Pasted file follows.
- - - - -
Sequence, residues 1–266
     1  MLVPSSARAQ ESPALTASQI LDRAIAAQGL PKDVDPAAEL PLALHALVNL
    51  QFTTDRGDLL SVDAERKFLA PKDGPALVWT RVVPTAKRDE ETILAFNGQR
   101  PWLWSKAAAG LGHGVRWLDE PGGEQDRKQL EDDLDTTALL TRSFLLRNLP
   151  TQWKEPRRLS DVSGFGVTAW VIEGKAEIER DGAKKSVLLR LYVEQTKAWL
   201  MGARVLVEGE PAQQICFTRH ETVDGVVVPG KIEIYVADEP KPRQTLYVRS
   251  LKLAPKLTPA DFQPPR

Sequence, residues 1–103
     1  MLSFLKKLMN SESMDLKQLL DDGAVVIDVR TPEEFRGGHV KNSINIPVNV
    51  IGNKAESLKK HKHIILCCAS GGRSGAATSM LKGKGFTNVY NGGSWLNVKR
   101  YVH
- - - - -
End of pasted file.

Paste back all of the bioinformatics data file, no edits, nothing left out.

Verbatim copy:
Sequence, residues 1–266
     1  MLVPSSARAQ ESPALTASQI LDRAIAAQGL PKDVDPAAEL PLALHALVNL
    51  QFTTDRGDLL SVDAERKFLA PKDGPALVWT RVVPTAKRDE ETILAFNGQR
   101  PWLWSKAAAG LGHGVRWLDE PGGEQDRKQL EDDLDTTALL TRSFLLRNLP
   151  TQWKEPRRLS DVSGFGVTAW VIEGKAEIER DGAKKSVLLR LYVEQTKAWL
   201  MGARVLVEGE PAQQICFTRH ETVDGVVVPG KIEIYVADEP KPRQTLYVRS
   251  LKLAPKLTPA DFQPPR

Sequence, residues 1–103
     1  MLSFLKKLMN SESMDLKQLL DDGAVVIDVR TPEEFRGGHV KNSINIPVNV
    51  IGNKAESLKK HKHIILCCAS GGRSGAATSM LKGKGFTNVY NGGSWLNVKR
   101  YVH